The spin-off garnered huge acclaim and became a series in its own right, as most spin-offs did. Super Mario Land 2: Six Golden Coins introduced Wario to the series, who later got his own spin-off which developed into a series of its own. Super Mario RPG became a success, which gave it two spiritual sequels in Mario and Luigi, and Paper Mario. Both of which were liked well enough to gain more entries.
RPGs and other platformers are not the only thing Mario became successful at. He became a professional sports star, as well as a doctor. Various sports games come and go, but Golf and Tennis are perhaps the largest collection of releases. Not counting Mario Kart, which these days is less a spin-off that became a series and more like a series in its own right.
Doctor Mario is a puzzle game featuring the classic matching colours gameplay of other puzzle games, most notable Tetris. Of course, there is also Mario Party, which has been another mainstay of spin-offs since it first released on the Nintendo 64. Another puzzler, Mario vs Donkey Kong, also makes the rounds quite often.
Luigi got a time to shine in his spin-off about ghost catching - Luigi's Mansion - which became a highlight of the Gamecube and a much requested game for a sequel, which it got many years later for 3DS. Mario has also teamed up with former rival Sonic the Hedgehog in the Olympic Games.
Of course, the latest spin-offs are something different. Captain Toad featured in a few bonus levels within 3D World, which seemed more about testing the idea than anything else. When the full game starring Captain Toad was announced, it seemed a bit off-beat at first, but people grew to love it. It's a game full of charm and took things out of the box. 3D diorama-like levels where the good Captain Toad could not jump. It certainly made for some good level design.
Then there is the newest of the spin-offs. Super Mario Maker allows users to create levels their own levels and share them with the world. Utilising the history of main 2D Mario platformers, it gives a range of possibilities to do something that main Mario games would never do. It doesn't give everything, but what it does give is enough that some pretty crazy levels can be made.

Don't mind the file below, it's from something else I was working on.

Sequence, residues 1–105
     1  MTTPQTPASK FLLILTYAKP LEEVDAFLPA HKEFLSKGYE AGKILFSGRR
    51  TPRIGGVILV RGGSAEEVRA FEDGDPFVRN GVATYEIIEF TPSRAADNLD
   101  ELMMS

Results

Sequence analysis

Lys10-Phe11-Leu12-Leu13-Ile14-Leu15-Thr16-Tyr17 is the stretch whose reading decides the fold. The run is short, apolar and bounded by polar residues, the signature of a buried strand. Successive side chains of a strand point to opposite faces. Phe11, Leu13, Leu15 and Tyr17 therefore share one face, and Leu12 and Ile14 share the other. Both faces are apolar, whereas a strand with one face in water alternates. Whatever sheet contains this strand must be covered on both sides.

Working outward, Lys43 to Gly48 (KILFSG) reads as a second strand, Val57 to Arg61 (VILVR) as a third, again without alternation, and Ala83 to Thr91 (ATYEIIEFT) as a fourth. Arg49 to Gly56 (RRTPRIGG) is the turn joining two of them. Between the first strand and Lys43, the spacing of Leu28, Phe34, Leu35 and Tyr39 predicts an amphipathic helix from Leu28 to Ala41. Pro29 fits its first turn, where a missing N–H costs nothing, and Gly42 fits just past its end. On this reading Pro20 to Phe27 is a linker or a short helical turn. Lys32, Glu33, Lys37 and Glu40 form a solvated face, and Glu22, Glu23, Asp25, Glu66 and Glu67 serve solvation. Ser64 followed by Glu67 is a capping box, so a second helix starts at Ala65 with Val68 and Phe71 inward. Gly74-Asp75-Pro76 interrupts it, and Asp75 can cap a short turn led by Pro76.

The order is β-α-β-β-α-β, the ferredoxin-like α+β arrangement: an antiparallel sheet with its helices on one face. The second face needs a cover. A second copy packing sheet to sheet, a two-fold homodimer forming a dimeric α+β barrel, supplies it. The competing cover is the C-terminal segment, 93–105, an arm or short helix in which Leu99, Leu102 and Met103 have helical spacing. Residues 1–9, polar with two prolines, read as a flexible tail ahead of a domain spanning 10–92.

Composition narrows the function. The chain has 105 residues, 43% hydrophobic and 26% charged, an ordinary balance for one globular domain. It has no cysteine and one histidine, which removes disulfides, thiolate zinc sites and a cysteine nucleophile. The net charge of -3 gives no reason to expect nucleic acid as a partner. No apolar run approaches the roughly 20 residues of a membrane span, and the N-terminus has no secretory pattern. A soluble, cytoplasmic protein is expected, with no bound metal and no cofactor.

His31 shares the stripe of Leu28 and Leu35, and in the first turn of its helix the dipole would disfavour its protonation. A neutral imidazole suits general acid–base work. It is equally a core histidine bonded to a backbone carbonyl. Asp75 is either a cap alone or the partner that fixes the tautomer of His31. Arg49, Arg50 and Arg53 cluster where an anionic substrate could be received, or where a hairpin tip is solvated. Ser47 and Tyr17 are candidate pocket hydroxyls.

There is something about Mario that everyone likes. I have quested to try as much as possible - at least a game of every spin-off - to see whether it's for me. Mario Kart is an instant love of mine. The Mario and Sonic Olympic titles are perhaps second in the spin-off territory. Mario Party is something I have liked, as is the Wario series.
I have never played a game in the Yoshi series, but plan to turn that around quickly with Woolly World soon enough. Everything else I have played - Super Paper Mario, Mario and Luigi Superstar Saga, the latest demos of Tennis and Golf - I have all liked well enough. Of course, Super Mario Maker is becoming a favourite of mine, as Captain Toad already has done.
In terms of main Mario, I adore the 3D games more than I do the 2D games. That's not to say I don't like the 2D games, but my preference has always been in the 3D camp. Super Mario 64 DS must have been what made me feel that, though my preference has always been for openness in games that only feel achieved by me in the 3D space.
There's much to be said about the main mascot of Nintendo, but these 30 years show that there are many more years ahead for Mario. People will always be guessing what comes next, whether that be Super Mario 64 HD or Galaxy 3, but one thing for certain is that Mario will keep bringing new experiences to all.